FCC | Federal Communications Commission (US)
The FCC (Federal Communications Commission) is an independent agency in the United States responsible for regulating and overseeing communications. It ensures that communication services operate in the public interest, regulates licenses, allocates radio frequencies, promotes competition, and enforces consumer protection regulations. The FCC plays a significant role in telecommunications policy, broadband deployment, media ownership, public safety communications, and more. Its goal is to promote access to reliable and affordable communication services while fostering innovation and protecting consumers’ interests.
GLOSA | Green Light Optimal Speed Advisory
GLOSA (Green Light Optimal Speed Advisory) is a technology that provides drivers with recommended speeds to maximize their chances of encountering consecutive green traffic lights. It uses real-time data from traffic signals to calculate and communicate the optimal speed to drivers. By following these recommendations, drivers can potentially reduce stops and delays, improving fuel efficiency and traffic flow. GLOSA is part of Intelligent Transportation Systems and relies on vehicle-infrastructure communication for real-time guidance.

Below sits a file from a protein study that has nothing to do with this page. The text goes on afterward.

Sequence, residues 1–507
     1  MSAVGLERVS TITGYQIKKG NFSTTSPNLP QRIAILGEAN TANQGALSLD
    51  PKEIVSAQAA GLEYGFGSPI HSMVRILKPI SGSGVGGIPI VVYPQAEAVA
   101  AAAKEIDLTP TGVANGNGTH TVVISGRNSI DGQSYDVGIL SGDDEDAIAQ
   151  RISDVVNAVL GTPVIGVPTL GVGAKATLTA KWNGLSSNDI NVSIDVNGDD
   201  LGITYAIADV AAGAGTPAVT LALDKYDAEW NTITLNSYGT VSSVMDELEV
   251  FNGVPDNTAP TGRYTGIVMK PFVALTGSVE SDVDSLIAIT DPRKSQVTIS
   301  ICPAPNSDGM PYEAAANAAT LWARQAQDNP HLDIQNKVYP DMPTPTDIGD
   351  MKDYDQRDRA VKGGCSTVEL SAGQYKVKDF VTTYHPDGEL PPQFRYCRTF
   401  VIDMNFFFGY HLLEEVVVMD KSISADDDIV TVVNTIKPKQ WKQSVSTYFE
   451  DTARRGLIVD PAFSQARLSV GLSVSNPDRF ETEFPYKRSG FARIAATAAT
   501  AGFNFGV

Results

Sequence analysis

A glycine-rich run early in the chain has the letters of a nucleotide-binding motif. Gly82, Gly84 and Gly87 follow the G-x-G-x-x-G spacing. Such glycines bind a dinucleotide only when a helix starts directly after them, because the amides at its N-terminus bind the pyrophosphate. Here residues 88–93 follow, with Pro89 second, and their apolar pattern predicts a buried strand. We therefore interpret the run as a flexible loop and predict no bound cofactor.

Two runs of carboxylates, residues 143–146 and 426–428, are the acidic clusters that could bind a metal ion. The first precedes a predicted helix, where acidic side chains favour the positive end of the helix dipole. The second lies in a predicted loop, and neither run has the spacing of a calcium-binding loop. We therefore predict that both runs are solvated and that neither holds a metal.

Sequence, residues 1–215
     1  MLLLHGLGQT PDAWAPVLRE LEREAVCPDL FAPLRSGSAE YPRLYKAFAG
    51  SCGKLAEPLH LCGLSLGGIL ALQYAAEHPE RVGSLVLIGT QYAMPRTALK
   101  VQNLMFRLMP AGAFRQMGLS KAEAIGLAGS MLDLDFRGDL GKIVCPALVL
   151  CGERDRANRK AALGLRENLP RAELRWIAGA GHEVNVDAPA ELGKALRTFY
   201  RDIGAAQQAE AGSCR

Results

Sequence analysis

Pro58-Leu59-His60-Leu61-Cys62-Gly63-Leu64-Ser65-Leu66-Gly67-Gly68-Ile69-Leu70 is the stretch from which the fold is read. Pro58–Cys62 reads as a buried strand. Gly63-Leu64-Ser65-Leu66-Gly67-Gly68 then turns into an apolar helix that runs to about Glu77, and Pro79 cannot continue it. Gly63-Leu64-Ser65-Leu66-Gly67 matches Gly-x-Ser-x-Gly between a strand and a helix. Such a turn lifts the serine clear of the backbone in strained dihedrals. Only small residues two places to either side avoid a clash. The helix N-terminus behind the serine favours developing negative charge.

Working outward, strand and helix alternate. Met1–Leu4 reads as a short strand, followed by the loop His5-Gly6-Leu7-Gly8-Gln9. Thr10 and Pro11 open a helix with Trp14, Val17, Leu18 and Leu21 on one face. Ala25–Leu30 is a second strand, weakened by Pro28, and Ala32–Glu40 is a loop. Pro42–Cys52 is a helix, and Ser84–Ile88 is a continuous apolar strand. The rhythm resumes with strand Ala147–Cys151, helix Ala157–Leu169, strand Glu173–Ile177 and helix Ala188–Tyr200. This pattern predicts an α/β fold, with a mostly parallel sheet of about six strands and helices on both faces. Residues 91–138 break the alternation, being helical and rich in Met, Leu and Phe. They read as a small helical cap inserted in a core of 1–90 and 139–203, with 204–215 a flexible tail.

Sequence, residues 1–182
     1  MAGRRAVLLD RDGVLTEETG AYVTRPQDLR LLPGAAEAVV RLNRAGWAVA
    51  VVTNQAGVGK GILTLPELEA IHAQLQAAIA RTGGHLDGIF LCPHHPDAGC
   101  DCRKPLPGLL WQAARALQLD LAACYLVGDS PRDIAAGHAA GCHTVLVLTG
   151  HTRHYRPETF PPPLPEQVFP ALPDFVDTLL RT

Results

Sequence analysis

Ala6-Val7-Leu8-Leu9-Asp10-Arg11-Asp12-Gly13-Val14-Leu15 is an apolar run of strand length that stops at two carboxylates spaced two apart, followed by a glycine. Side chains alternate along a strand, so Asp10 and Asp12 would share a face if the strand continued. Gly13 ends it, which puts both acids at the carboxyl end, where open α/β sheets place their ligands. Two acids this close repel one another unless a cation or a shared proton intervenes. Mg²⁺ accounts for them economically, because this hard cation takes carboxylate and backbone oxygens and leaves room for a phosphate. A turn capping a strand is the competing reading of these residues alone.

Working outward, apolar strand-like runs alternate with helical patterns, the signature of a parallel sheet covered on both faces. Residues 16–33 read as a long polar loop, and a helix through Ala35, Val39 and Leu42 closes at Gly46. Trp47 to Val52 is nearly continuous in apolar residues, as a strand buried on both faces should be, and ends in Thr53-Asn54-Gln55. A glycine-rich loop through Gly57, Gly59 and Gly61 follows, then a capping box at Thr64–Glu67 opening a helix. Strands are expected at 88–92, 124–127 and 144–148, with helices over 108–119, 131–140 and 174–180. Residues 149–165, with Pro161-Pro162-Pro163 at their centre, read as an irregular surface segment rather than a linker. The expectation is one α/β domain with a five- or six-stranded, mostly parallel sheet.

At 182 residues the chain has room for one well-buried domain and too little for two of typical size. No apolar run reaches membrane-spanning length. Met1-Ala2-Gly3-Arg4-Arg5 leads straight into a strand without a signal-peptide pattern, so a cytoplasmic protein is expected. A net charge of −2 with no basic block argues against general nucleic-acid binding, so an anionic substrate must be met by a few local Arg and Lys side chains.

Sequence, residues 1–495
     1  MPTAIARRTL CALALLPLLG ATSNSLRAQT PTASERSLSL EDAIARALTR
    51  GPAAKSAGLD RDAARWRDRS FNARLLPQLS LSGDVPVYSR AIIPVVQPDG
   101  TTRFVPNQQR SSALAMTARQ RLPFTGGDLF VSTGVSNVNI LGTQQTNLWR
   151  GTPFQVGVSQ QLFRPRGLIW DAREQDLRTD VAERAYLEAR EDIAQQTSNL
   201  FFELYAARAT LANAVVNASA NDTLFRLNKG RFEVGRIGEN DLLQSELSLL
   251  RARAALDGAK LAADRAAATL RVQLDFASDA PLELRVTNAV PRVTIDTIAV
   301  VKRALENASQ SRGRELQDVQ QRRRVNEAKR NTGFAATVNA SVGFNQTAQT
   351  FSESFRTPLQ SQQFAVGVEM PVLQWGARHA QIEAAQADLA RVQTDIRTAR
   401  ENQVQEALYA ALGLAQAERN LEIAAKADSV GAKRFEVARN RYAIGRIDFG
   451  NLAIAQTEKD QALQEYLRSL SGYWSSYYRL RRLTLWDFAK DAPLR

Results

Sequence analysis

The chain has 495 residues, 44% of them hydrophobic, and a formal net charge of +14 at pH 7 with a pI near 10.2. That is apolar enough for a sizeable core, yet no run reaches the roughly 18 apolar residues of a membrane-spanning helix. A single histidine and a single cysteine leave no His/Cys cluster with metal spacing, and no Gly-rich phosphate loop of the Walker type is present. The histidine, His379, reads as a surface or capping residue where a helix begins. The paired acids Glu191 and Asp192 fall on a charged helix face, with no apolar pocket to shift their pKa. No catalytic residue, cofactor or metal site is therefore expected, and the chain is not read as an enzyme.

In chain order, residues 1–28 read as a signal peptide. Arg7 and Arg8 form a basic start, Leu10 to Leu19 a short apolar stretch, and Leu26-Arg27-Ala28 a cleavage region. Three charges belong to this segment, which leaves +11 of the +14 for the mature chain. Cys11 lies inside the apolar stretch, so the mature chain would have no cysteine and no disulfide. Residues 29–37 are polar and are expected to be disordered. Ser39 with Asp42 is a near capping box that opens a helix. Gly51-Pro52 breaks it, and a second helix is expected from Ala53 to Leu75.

GNSS | Global navigation satellite system
GNSS (Global Navigation Satellite System) is a network of satellites and ground-based stations that offers positioning, navigation, and timing services globally. It enables users to determine their precise location, velocity, and time through signals transmitted from satellites. GNSS, including GPS, GLONASS, Galileo, BeiDou, and NavIC, is utilized in various sectors such as transportation, surveying, timing synchronization, and agriculture. It provides global coverage and is widely used for accurate positioning and navigation worldwide.
HAP | Main Work Package
Main Work Packages contain the important milestones for the project and together form the basic structure of the project. Main work packages are self-contained and include specific tasks, objectives and deliverables. It contributes significantly to the achievement of the project’s goals and can be broken down into small sub-activities or sub-tasks.
IEEE | Institute of Electrical and Electronics Engineers